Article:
So many riders are terrified of bikes that have been used
I have a friend who won't touch anything with more than 10,000 miles no matter how old it is.
Seems to me using your bike for its intended purpose is a cardinal sin.

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Re: Low Mileage As A Sales Argument

Postby windmill john » Sun Jul 26, 2020 8:01 am

I can’t afford it, but I can understand getting a new bike and changing it every two to three years. You’ll never see an MOT, you’ll never see proper rust, corroded wiring, bad earths etc.
If you are not into maintenance or need to know how things work, that could be quite nice.

Well I might be able to afford it if I went down to one bike :grin:
http://www.kittos.co.uk
Best roads: 623 Burgos to Santander. A back road to Metz; can't remember which!
Ari, my 500 Classic
Bumble, my 700 Transalp.
Gupta, my 350 Bullet.
Sold my Airheads, what an idiot.
Too many bikes have come and gone, trying to be sensible now!

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Re: Low Mileage As A Sales Argument

Postby andys » Sat Aug 01, 2020 12:26 am

Buying new is a mugs game and I speak as someone who has bought several new bikes.
That said it's worth remembering that if we all thought this way, we wouldn't have all these nice used bikes to choose from.

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Re: Low Mileage As A Sales Argument

Postby Mjolinor » Sat Aug 01, 2020 9:09 am

Buying new is a mugs game and I speak as someone who has bought several new bikes.
That said it's worth remembering that if we all thought this way, we wouldn't have all these nice used bikes to choose from.
But we would be able to buy new at a reasonable price then so no need for used ones.

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Re: Low Mileage As A Sales Argument

Postby gogs01 » Sat Aug 01, 2020 10:56 am

But we would be able to buy new at a reasonable price then so no need for used ones.
.
How so ?
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Re: Low Mileage As A Sales Argument

Postby Mjolinor » Sat Aug 01, 2020 11:46 am

If no one buys new then prices will drop to a level where people will buy.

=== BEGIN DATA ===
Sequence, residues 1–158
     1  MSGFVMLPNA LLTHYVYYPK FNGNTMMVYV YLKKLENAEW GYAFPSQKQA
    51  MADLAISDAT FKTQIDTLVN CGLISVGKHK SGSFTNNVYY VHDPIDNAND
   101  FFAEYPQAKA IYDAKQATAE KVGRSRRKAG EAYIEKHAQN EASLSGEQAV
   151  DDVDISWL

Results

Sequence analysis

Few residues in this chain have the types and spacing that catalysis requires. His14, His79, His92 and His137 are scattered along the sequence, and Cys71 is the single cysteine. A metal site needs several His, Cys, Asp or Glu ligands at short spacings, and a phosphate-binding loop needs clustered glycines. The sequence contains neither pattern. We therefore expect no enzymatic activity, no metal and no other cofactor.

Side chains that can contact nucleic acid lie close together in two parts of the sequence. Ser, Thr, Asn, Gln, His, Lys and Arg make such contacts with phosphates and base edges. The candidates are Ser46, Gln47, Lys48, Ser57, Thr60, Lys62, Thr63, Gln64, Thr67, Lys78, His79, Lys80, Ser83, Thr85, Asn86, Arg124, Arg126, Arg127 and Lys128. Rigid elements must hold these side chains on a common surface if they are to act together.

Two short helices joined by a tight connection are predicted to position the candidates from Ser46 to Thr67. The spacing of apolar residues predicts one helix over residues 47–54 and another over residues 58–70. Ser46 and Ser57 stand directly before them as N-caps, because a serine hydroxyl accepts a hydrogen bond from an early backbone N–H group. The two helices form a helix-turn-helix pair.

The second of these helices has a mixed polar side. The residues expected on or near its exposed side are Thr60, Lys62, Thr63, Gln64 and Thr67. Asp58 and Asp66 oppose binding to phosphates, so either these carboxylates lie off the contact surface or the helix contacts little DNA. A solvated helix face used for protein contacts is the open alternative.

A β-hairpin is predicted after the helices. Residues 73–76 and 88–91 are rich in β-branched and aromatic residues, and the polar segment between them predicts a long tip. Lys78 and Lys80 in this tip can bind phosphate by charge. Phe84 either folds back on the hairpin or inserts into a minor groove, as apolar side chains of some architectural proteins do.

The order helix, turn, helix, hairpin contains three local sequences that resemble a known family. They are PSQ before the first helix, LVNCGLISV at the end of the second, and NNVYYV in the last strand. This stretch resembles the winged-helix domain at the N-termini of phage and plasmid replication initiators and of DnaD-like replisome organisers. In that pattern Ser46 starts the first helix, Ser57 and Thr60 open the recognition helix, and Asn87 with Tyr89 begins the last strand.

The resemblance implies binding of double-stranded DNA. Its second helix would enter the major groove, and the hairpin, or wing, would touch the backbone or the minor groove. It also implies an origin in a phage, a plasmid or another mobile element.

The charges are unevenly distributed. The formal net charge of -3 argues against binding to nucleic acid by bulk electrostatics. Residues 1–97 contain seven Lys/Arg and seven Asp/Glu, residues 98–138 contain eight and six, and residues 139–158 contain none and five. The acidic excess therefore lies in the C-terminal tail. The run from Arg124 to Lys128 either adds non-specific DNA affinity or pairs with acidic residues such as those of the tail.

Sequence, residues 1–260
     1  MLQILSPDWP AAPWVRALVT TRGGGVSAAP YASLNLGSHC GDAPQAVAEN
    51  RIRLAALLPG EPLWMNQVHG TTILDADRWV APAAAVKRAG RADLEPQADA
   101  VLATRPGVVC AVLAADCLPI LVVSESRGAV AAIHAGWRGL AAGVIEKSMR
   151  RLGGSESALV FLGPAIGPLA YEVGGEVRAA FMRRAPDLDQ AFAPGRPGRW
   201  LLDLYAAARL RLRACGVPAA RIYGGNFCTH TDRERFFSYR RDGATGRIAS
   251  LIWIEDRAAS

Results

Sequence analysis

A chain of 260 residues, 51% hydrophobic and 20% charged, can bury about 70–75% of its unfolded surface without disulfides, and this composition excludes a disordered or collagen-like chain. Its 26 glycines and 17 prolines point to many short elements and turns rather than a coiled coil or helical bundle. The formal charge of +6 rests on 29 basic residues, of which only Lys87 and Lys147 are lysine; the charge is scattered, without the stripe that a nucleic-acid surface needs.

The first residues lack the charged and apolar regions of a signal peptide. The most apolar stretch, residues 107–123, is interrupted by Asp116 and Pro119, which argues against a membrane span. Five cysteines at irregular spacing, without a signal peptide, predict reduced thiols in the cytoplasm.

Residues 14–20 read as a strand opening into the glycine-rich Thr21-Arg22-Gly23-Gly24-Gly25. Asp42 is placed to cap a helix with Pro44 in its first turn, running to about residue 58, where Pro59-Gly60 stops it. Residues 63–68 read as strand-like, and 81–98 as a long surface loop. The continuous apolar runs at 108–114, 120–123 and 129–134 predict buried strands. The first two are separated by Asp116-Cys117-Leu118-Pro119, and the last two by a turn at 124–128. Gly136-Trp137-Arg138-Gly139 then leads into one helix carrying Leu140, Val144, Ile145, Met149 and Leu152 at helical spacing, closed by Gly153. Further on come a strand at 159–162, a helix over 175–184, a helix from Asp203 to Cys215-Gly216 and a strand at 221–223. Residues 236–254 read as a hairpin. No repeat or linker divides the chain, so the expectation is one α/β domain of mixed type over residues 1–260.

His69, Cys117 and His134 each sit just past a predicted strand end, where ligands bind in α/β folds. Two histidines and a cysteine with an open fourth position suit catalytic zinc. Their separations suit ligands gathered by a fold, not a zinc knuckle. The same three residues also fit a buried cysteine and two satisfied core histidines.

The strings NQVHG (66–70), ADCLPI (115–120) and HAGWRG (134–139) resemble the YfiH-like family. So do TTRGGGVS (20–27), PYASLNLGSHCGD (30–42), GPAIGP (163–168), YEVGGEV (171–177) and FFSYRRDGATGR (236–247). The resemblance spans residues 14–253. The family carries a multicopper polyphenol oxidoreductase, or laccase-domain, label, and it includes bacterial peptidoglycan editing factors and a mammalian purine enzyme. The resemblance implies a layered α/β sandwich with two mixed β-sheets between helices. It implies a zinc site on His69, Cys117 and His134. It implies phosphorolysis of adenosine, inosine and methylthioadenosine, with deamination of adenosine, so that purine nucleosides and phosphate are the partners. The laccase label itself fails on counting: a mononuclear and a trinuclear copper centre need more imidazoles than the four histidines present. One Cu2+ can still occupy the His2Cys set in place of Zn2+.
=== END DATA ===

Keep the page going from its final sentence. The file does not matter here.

It is way more complex than that. The government control it ultimately so that the sales are at a level that guarantees employment but sales not so high that everyone can afford it. It's a proper can of worms and thankfully it is SEP, not mine.

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Re: Low Mileage As A Sales Argument

Postby CharlieVictor » Sat Aug 01, 2020 6:11 pm

I can’t afford it, but I can understand getting a new bike and changing it every two to three years. You’ll never see an MOT, you’ll never see proper rust, corroded wiring, bad earths etc.
If you are not into maintenance or need to know how things work, that could be quite nice.

Well I might be able to afford it if I went down to one bike :grin:
Rethorically yes, but my original post and assertion referred to classic motorcycles, several decades old, not merely "used bikes" :wink:

A relatively recent bike with low mileage does make sense and then low mileage IS indeed a strong sales argument. My point was that on an old steed, it's a red flag. :-k
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Re: Low Mileage As A Sales Argument

Postby Rob Frankhamr » Sat Aug 01, 2020 10:17 pm

I wopuldn't even take mileage into account if I was buying a bike say more than 10 years old. a) it's probably not correct anyway. b) many parts are likely to have been replaced and c) it gives no account of how the bikes has been used or looked after. Any second hand machine has it's risks, I believe you ned to look on an older machine as something that is going to need work and money spent. If you're wrong in thinking that, it comes as a pleasant surprise.